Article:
Infusion pumps have internal pressure sensors that monitor back pressure, ensuring flow accuracy. The bezel keeps these sensors properly seated so they receive precise feedback. Damaged bezel posts can result in unsecured sensors that won’t function properly, leading to over-dosage, under-dosage, or free-flowing medication.


The lever mechanism controls the infusion pump’s flow rate. Some levers also provide an emergency turn-off function. Impact damage or wear and tear can cause the lever to grind against other parts, move irregularly, or become too tight or loose. A malfunctioning lever can cause inconsistent flow rates that lead to medication errors.

Leverage reliable parts for efficiency, affordability, and longevity

Proactive repairs with durable replacement parts help boost clinician and technician efficiency. High-quality parts reduce the amount of repairs during device lifespans. Fewer repairs free up technician time, streamline clinical workflows, and reduce paperwork for both nurses and BMETs.

“Using a higher-quality part can cut down on spending costs when it comes to device maintenance,” Walters explains. “And it also keeps the pump out there running longer and helping people.” Investing in quality parts results in lower repair costs, less lost revenue due to device downtime, and more efficient use of staff labor hours, resulting in a higher ROI while lowering the total cost of ownership.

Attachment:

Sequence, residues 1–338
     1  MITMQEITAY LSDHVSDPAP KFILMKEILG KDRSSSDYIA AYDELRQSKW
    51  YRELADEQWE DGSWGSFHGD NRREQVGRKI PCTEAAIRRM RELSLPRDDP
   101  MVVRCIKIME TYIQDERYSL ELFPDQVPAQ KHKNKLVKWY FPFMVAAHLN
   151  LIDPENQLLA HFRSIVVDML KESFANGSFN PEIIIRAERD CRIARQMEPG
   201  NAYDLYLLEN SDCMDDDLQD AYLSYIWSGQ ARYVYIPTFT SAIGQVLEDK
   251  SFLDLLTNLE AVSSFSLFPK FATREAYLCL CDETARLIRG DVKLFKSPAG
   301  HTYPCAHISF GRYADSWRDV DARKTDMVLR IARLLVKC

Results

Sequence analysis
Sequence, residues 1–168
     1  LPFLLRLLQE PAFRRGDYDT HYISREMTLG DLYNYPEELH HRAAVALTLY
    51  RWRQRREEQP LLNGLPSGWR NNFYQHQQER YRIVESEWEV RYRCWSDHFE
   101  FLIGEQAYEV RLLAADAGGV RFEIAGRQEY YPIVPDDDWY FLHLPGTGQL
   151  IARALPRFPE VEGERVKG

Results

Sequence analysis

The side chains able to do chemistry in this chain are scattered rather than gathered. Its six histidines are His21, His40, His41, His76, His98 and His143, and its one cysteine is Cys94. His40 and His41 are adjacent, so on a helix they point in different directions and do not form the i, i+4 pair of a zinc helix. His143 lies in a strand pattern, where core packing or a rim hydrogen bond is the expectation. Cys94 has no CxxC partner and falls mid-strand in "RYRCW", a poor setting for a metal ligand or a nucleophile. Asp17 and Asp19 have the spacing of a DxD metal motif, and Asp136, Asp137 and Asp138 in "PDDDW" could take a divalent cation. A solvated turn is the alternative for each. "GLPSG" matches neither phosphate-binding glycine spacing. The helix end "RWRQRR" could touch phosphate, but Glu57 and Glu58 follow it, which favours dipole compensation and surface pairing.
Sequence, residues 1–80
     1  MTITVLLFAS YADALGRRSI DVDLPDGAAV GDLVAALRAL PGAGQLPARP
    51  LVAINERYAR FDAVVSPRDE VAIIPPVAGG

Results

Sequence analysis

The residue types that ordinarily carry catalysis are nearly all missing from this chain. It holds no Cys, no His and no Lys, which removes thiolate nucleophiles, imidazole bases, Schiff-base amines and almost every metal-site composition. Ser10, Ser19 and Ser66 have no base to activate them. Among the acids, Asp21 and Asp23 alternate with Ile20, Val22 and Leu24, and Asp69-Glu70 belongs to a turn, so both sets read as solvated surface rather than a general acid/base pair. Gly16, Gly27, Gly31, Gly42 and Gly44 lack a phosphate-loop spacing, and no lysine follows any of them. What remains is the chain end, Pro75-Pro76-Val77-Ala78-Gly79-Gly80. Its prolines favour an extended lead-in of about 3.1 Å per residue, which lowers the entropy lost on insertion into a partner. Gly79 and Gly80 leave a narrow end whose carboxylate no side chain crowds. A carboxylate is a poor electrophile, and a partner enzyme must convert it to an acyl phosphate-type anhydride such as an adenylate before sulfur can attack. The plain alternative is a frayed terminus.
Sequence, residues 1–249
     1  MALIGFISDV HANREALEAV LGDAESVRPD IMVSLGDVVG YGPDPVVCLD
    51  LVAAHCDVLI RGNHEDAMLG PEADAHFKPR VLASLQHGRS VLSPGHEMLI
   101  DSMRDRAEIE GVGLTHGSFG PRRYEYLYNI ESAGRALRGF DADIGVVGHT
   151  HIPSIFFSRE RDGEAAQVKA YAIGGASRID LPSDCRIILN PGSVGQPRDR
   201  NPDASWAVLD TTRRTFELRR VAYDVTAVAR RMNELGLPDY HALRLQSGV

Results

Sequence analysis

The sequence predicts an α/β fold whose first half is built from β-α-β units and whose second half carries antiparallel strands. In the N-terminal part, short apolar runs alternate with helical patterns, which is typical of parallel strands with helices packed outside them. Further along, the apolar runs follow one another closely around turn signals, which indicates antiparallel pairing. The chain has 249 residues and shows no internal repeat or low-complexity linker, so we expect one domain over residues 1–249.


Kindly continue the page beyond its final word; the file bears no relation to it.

To avoid larger issues, proactively replace damaged or worn parts even if they’re currently operational. Broken components may still function, but they could cause trouble for other parts as the damage progresses.

Durability and efficiency add up to device longevity. Infusion pumps with high-quality components that interact smoothly can last considerably longer than devices replaced with cheap, low-quality parts.

The takeaway: plan, be proactive, prioritize quality

Ultimately, a winning strategy comes down to a proactive approach using top-quality replacement components. Finding a values-driven, third-party manufacturing partner gives hospital decision-makers peace of mind.

“Make sure you're buying parts from a company that takes the time to make sure their product is going to last as long as they claim it will,” Walters advises. “Make sure it’s a company that cares.”

Getting started on the search for a 3rd-party manufacturer?